We’ve seen it used a million times on TV, but in the real world successfully asserting an insanity defenseis rare and difficult.
When the court looks to whether a person in “insane” for the purposes of a criminal matter, it uses what we call the M’Naghten rule. In order to be insane, the defendant must no—at the time of the offense—have been able to either understand the nature and quality of his or her act or must not have been able to distinguish between right and wrong. For example, a person could be held to be insane, and would have a defense to animal abuse charges, if they heard imaginary voices, telling them that the world was going to end shortly unless the defendant sacrifices a goat to the God Anived, so the defendant does, indeed sacrifice the goat. However, if a defendant who suffers from depression or anxiety, and only felt relief when she was hitting her boyfriend would not be able to successfully use the defense, even though the anxiety or depression caused her not to care about the possible consequences of hurting the young man.
Because insanity is a legal defense, it is the defendant, not the government, that bears the burden of proving by a preponderance of the evidencethis aspect of a case. At trial, the two issues (first, whether the defendant did the act for which they are being accused, and then second, if they were insane when they committee the act) are heard separately.The issue of guilt is heard first, with this portion of the case being just like what you see on TV: the various witnesses to the crime testify about the evidence. Then, if the jury finds the defendant guilty, the jury decides the issue of sanity. During this portion of the case, usually the only witnesses are qualified medical professionals.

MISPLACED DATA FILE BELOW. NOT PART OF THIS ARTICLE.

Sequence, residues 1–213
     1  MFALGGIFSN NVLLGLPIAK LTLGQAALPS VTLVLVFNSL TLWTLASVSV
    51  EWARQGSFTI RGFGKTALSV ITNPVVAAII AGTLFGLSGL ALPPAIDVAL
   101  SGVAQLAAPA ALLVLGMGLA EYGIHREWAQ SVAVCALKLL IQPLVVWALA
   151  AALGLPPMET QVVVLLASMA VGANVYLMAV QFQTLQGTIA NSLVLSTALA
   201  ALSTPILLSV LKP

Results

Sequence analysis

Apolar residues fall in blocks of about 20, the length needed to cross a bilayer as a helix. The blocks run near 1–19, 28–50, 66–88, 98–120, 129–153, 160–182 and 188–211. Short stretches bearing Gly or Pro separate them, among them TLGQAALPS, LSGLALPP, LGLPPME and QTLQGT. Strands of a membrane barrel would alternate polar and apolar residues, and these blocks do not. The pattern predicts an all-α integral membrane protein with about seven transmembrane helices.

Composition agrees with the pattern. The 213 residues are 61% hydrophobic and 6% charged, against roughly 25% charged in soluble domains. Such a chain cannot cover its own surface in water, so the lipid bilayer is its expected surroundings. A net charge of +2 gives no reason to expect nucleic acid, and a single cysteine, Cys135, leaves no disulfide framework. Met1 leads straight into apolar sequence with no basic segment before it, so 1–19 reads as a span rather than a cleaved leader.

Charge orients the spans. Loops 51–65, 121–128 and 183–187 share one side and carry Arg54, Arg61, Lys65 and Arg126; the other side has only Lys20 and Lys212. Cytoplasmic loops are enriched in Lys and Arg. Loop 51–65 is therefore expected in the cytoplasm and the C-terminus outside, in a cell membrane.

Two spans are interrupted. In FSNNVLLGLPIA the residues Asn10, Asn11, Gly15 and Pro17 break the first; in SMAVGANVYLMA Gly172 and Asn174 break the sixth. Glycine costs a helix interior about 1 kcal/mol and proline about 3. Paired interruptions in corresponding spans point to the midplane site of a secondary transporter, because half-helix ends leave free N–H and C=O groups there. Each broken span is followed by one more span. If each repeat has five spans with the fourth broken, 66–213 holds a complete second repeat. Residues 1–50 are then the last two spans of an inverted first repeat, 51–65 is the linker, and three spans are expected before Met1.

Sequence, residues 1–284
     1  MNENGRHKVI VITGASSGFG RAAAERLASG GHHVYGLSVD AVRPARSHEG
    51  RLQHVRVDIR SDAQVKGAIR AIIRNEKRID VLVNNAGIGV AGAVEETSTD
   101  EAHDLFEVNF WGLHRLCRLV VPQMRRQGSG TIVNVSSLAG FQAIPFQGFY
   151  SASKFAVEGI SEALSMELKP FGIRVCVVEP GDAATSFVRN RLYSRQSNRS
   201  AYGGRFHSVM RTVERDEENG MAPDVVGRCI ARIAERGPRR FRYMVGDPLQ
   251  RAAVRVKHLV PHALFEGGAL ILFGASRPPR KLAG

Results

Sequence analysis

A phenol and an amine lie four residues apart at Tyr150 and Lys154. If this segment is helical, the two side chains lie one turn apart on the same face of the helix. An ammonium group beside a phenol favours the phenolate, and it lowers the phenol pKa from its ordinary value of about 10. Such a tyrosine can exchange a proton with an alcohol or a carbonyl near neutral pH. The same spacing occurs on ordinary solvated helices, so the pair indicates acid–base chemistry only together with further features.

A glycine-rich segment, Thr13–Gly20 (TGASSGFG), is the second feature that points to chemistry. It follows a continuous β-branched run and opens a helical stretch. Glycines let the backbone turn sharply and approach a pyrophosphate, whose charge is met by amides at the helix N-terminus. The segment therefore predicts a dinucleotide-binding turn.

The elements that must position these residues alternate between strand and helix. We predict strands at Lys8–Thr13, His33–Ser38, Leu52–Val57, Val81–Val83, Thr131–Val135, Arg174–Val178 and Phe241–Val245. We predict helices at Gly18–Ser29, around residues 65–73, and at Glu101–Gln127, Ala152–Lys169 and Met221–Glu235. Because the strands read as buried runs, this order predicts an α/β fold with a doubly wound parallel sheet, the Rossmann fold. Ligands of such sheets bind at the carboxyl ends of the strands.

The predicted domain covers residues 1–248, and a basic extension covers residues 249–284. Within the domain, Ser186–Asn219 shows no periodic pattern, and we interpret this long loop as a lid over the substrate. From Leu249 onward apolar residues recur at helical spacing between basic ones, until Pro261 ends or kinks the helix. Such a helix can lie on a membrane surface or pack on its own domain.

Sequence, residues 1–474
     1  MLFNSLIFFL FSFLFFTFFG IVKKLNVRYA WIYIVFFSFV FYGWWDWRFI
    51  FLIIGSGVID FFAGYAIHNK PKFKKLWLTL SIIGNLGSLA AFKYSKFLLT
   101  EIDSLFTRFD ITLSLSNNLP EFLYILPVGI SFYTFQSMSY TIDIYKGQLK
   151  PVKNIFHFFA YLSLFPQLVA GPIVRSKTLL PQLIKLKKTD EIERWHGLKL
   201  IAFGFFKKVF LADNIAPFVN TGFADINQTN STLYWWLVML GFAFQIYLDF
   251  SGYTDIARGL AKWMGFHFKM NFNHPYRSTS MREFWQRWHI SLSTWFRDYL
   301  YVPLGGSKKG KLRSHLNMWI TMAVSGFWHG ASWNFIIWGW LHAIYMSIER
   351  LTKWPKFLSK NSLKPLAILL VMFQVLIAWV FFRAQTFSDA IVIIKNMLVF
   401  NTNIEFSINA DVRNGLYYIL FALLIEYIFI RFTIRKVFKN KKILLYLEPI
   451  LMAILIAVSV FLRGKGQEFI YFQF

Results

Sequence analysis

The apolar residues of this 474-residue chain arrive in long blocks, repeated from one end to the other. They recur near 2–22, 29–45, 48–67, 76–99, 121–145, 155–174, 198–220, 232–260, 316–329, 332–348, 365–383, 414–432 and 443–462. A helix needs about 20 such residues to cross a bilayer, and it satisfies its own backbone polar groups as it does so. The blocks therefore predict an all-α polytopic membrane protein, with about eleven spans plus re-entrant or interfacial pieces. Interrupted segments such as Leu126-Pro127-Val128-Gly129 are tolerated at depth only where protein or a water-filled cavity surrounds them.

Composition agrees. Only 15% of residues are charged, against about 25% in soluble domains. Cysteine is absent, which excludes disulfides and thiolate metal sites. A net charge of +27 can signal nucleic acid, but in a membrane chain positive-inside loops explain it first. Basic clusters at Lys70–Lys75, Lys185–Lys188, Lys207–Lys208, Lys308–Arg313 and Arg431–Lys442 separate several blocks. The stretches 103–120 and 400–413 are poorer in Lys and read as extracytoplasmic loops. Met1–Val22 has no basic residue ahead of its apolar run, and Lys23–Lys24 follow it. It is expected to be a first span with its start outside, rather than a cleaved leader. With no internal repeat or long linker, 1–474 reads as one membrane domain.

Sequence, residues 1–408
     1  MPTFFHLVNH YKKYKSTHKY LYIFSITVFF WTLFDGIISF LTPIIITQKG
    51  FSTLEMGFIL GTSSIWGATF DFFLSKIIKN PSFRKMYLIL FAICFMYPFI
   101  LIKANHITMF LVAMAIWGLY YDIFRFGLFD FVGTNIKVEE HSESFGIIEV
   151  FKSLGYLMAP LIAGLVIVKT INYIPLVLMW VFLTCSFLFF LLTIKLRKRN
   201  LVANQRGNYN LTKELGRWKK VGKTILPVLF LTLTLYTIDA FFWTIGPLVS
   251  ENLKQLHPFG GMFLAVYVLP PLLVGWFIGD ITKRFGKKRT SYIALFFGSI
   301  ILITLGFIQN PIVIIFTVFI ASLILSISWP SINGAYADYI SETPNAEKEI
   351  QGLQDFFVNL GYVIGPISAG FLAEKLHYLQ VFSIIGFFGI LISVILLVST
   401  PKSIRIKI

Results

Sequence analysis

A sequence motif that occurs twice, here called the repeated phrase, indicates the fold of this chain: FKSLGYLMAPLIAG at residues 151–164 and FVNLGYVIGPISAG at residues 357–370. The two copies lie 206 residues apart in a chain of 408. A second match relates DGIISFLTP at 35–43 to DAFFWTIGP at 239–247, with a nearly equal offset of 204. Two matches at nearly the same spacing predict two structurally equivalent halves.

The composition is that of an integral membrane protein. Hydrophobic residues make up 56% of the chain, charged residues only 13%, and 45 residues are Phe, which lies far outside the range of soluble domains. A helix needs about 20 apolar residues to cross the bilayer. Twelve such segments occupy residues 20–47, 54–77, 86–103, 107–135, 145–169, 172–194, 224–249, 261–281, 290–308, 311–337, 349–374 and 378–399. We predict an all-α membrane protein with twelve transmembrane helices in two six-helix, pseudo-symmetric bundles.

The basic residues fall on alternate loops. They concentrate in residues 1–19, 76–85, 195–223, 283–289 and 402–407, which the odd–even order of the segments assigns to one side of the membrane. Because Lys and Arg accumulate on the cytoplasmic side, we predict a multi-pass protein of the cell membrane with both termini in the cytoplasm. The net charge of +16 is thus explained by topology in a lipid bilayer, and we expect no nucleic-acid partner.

However, a lot of people do not realize that a defendant whois held to be insanedoes not get a free pass; they are ordered to be committed to a state hospital for treatment, not only to try to rehabilitate the defendant, but also to protect society.A defendant can be held in that mental facility until one of three things happen: (1) doctors believe that the defendant has regained sanity, (2) the maximum term of imprisonment for that crime has expired, or (3) the doctors feel that the defendant would be successfully in addressing the underlying issue via outpatient treatment program.
Found in Penal Code § 25
Recent statistics claim that only 1% of all defendants assert the defense.
In the 90s, the legislature amended the law to prevent the court from finding a criminal defendant insane based solely on the basis of a seizure disorder, a personality or adjustment disorder, or addiction to/abuse of an intoxicating substance.
More likely than not.
Of course, a defendant can enter a plea of “guilty by reason of insanity,” in which they admit they did the bad thing they are accused of, but claim the defendant should not be held accountable due to the defense of insanity.
People v. Superior Court (Williams) (1991) 233 Cal.App.3d 477, 485.
That said, a defendant may be further confined, if the person still has a diagnosed mental disease or disorder and is a substantial danger of physical harm to others.
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